(2 of 2)
Not surprisingly, the allies are at loggerheads over who should foot the bill. The E.U. has offered to pay 60 percent of the tab, but Washington believes their European pals can do better than that –- particularly since the bulk of the air war was financed by the U.S. The Europeans counter that that while their economies aren't exactly a picture of health, Washington has the luxury of a record budget surplus. "In the end, it'll be up to Congress to determine how much the U.S. spends on reconstruction in the Balkans," says TIME U.N. correspondent William Dowell. "And while Capitol Hill will almost certainly be reluctant to spend large amounts on foreign aid, some argue that this is shortsighted because the U.S. has a lot to gain in terms of influence, and even access to markets, by not simply turning this over to Europe."
Reaping the Reconstruction Dividend
To be sure, the Europeans recognize a potential economic reward for the countries who put together a sort of mini-Marshall Plan for the Balkans. "Remember, the Marshall Plan wasn't entirely altruistic," says TIME senior business writer Bernard Baumohl. "It opened up a major trading relationship for the U.S. There could even be some short-term economic rewards for Europe from investment in rebuilding Kosovo, because it will create a substantial market for European manufacturers." The scramble for potentially lucrative building contracts is already on, with the British government marshalling firms to be ready to move in at a moment's notice, while the potential payoff even has old foes in Greece and Turkey discussing the possibility of joint ventures. European officials are also suggesting that countries such as Rumania and Bulgaria be given first dibs on construction work as a means to strengthen their economies in transition away from communism.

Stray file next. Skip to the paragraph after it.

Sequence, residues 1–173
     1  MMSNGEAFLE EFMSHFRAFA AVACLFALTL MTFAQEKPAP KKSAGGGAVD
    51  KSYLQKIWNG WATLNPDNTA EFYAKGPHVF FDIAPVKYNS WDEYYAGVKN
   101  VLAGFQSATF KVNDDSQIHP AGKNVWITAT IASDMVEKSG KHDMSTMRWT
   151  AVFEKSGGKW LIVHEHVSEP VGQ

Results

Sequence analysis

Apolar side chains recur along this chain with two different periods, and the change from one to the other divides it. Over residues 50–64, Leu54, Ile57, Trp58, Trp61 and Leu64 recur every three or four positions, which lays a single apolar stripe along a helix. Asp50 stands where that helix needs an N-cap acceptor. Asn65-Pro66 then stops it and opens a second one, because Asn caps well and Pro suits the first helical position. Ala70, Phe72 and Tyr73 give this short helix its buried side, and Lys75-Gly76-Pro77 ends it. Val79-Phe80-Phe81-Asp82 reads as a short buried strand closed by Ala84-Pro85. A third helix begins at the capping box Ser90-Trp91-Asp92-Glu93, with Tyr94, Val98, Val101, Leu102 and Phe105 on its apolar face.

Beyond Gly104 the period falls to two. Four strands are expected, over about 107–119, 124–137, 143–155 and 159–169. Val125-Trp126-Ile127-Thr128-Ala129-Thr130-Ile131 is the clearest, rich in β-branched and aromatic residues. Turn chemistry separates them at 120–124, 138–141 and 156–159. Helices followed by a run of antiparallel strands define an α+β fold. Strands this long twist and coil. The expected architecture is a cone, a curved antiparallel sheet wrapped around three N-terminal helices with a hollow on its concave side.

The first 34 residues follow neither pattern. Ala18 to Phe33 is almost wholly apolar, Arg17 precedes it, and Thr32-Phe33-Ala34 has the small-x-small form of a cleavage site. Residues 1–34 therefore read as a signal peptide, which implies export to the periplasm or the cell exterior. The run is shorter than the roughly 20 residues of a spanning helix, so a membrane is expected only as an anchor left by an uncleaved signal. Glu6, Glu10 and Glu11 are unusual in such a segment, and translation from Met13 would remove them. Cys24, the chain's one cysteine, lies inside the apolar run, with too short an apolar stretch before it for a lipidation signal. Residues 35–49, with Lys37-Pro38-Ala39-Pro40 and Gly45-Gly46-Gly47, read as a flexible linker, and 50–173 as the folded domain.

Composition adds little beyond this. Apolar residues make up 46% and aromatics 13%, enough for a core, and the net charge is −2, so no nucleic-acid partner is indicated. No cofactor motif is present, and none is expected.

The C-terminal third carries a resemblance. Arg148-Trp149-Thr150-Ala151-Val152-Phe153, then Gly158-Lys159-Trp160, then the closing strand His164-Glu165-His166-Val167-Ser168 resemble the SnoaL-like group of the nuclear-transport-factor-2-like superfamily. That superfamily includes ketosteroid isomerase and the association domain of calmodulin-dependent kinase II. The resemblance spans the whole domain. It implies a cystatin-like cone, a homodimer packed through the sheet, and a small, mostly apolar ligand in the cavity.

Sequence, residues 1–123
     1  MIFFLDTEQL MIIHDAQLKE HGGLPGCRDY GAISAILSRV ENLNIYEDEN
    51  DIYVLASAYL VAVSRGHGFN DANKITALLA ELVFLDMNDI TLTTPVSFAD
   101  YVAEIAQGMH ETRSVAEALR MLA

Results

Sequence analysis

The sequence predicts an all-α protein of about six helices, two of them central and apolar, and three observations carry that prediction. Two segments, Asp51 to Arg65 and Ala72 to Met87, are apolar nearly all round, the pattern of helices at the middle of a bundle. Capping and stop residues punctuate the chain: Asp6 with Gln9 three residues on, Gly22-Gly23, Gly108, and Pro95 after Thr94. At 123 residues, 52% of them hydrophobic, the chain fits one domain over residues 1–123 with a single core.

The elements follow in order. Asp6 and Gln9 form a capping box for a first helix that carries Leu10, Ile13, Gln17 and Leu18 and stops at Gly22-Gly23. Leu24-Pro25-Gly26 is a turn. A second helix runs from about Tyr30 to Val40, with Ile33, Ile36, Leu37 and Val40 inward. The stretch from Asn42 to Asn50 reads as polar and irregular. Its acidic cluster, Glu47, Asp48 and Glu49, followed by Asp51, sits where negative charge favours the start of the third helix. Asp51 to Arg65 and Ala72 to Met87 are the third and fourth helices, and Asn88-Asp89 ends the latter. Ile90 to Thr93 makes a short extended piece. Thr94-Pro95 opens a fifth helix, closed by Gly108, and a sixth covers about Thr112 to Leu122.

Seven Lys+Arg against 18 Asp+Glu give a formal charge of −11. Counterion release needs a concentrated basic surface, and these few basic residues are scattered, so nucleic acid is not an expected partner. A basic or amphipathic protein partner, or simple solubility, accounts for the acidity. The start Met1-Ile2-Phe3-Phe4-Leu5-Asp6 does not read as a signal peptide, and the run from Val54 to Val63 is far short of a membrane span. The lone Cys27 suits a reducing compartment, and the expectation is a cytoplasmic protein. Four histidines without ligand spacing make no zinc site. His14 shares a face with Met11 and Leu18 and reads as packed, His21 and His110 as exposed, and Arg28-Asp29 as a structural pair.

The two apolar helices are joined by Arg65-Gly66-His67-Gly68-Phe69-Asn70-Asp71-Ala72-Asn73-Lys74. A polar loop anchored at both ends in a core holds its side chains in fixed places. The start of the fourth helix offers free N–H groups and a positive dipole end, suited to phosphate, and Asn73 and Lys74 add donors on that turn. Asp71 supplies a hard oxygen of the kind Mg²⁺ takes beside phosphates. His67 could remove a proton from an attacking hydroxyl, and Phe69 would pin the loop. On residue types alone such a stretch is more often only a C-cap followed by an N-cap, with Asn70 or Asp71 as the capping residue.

Will Serbia Be Helped Before Milosevic Is Ousted?
The $64 billion-dollar question, though, is how much -- if any -– aid will be given to Serbia. Publicly, Bill Clinton and Tony Blair are leading NATO countries in insisting that the Serbs won't get a bean until they've overthrown Milosevic. Privately, European governments indicate they'll provide humanitarian assistance to the Serbs, and there's some disquiet over tying aid to Milosevic's ouster. Finland's President Martti Ahtisaari, the incoming E.U. president who brokered the final peace deal, suggests that the international community should make aid available on condition that Serbia complies with monitored democratic changes. "The democratization process should take care of [Milosevic]," Ahtisaari is quoted as saying. "We shouldn't be shooting ourselves in the foot by making demands that don't make sense." To be sure, there's unlikely to be any stability in the region while Serbia remains shattered and isolated, and Milosevic still retains a tight grip on power. "It's obvious that in the long run Milosevic will be forced out of power, but the question is whether destroying the fabric of a society is a means of ensuring long-term stability, or whether it will simply result in his replacement by someone equally unpalatable to the West," says Dowell. "Keeping Iraq isolated hasn't yet brought down Saddam Hussein, but it may have destroyed the country's middle class and the chances of a stable and democratic government taking over from him."